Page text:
By Tyler Wilson and Uday Turaga, ADI Analytics

Capital projects drive growth in the oil and gas industry and, yet, are plagued by cost and schedule overruns. In 2015 there were an estimated 800 oil and gas projects costing over $500 billion and one-third will end up facing delays. Operators are constantly searching for ways to improve performance, meet schedules, and reduce costs. This is particularly important in the low-oil price environment that companies are facing today.

Modularization and standardization can help improve the delivery and cost performance of capital projects in the oil and gas industry. These terms refer to the practice of using standardized methods and equipment with the aim of reducing redundancy and thereby time and costs across projects. Modularization and standardization are often used in tandem, but are different from each other. Modularization is the practice of using similar components and equipment, often prefabricated at an off-site location, to reduce time and costs. Standardization is the practice of using methods across many different projects.

The Benefits

There is a significant amount of opportunity for companies to implement modularization and standardization. It is estimated that the correct implementation of standardization and modularization can reduce overall time by 20% as well as costs by up to 15%. For example, BP has estimated that $10-$15 million dollars are spent per project on recreating procurement specifications. Streamlining this process would be an example of standardization. Even though companies like BP have identified areas where modularization and standardization can be applied, there has been limited application of these practices across the industry. Figure 1 shows the percentage range of projects where standardization can be applied across the oil and gas value chain.

Range of Project Scope that can be Modularized

Figure 1: Range of Project Scope that can be Modularized

The Impact

Although there has been a lot of talk about standardization and the cost and scheduling benefits are well understood, there has been limited application until now. This is reinforced in a comment by the CEO of FMC Technology, John Gremp, and some insight he offered at the 2015 Offshore Technology Conference, when he said, “I think if I hear the word standardization (again) I am probably going to go nuts. We have been talking about this for at least three decades, and yet the ability to truly standardize our industry has eluded us – until maybe now.”

Modularization has expanded from being centered around processes and engineering to encompassing almost all aspects of capital projects. Further, a number of projects of varying types have reported the use of modularization. For example, both Shell and BP have successfully deployed modularization in their recent capital projects. Shell has chosen to modularize subsea tree platforms and the result has been a reduction in delivery times by as much as 12 months. Additionally, a CO2 recovery project in Canada, Quest, was not economical during the planning stages due primarily to high labor costs from construction workers. However, after the EPC contractor, Fluor, applied its third generation of modularization practices, the project it became economical. The project was completed under budget and on time.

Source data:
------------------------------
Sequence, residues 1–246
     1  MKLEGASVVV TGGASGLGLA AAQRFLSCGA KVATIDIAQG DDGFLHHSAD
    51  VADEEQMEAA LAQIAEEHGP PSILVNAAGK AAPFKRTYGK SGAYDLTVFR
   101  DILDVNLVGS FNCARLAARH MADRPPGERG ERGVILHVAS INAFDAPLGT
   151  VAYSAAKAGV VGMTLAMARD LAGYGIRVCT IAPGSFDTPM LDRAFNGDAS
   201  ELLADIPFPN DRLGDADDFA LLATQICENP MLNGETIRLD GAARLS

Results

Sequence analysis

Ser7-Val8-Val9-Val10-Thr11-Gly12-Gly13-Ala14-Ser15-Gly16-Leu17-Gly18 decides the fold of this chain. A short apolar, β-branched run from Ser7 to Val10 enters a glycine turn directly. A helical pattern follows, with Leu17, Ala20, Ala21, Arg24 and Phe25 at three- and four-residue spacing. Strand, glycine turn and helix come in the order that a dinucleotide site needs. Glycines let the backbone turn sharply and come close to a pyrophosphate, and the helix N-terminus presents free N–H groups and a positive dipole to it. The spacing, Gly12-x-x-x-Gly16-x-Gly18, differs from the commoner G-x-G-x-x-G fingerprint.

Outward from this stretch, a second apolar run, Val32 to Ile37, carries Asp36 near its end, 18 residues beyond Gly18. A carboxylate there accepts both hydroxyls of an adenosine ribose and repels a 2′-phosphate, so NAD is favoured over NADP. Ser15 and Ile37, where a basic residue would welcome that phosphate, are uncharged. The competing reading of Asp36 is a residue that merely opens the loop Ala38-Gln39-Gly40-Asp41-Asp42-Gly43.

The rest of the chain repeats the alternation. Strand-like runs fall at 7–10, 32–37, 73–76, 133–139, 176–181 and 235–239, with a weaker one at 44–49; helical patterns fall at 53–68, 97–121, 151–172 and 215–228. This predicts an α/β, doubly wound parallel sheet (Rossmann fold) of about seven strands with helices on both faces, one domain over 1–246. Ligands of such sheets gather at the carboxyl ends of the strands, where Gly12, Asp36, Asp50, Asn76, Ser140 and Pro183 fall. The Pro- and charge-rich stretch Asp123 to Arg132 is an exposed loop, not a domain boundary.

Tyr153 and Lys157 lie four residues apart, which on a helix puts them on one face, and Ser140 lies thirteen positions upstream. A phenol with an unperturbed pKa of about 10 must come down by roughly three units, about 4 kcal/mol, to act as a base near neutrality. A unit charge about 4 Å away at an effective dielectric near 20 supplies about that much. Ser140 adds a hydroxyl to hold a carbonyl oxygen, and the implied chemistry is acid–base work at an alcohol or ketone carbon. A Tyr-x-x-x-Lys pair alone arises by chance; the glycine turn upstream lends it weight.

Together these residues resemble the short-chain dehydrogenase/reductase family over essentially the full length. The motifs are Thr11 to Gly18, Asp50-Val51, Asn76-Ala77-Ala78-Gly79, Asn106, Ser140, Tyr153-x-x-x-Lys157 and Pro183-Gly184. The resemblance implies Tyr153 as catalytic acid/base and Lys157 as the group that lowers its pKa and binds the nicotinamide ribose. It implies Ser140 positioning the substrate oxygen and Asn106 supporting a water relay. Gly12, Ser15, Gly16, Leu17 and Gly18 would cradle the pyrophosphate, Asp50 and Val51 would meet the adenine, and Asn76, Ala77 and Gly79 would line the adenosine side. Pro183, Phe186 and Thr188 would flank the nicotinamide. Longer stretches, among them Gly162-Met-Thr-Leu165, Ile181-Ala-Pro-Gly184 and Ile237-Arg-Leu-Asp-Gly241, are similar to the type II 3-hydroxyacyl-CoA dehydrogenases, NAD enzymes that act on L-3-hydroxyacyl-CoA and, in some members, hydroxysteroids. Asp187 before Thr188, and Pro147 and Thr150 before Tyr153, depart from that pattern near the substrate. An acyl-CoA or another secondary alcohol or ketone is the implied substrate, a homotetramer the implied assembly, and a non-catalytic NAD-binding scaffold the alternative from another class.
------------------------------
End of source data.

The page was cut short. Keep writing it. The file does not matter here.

As another example, BP chose to modularize a delayed coking unit in Whiting, IN. The $1.3 billion dollar project included 93 modules weighing over 17,000 tons. The modules were constructed in the Philippines and shipped to the United States via the Panama Canal and then ultimately through Lake Michigan.

The Potential Issues

There are several hurdles that an operator must address to successfully deploy and benefit from modularization. For example, an operator must manage two different work sites: the main project site and the fabrication site for the modularized pieces. This can lead to communication and logistical gaps if not managed properly. Transporting the modules themselves can be difficult if they are too large or heavy to be transported by road. This leads to a need for greater logistical planning preceding a capital project. Once the modules are delivered to the site there must also be a greater level of coordination to ensure that the facility is constructed properly. Lastly, with most of the work being done before the modules are assembled, there is a need for a large amount of front end engineering.


Although there are some hurdles that must be overcome before an operator can successfully implement standardization and modularization into a project, the benefits of a reduced construction time, lower overall cost, and successful implementation from major players in the industry suggest it is growing more attractive.

About the Authors

Tyler Wilson is an analyst with ADI Analytics. He may be reached at [email protected].

Uday Turaga is Founder & CEO of ADI Analytics. He may be reached at [email protected].

This article first appeared in the ADI Analytics iENERGY blog.

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